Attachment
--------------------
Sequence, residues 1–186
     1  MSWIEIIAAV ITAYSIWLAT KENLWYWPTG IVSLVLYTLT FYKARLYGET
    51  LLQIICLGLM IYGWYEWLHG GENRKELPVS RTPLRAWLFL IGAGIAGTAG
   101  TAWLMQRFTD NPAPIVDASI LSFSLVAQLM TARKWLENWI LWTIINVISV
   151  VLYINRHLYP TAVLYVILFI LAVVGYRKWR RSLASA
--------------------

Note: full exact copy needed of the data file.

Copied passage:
Sequence, residues 1–186
     1  MSWIEIIAAV ITAYSIWLAT KENLWYWPTG IVSLVLYTLT FYKARLYGET
    51  LLQIICLGLM IYGWYEWLHG GENRKELPVS RTPLRAWLFL IGAGIAGTAG
   101  TAWLMQRFTD NPAPIVDASI LSFSLVAQLM TARKWLENWI LWTIINVISV
   151  VLYINRHLYP TAVLYVILFI LAVVGYRKWR RSLASA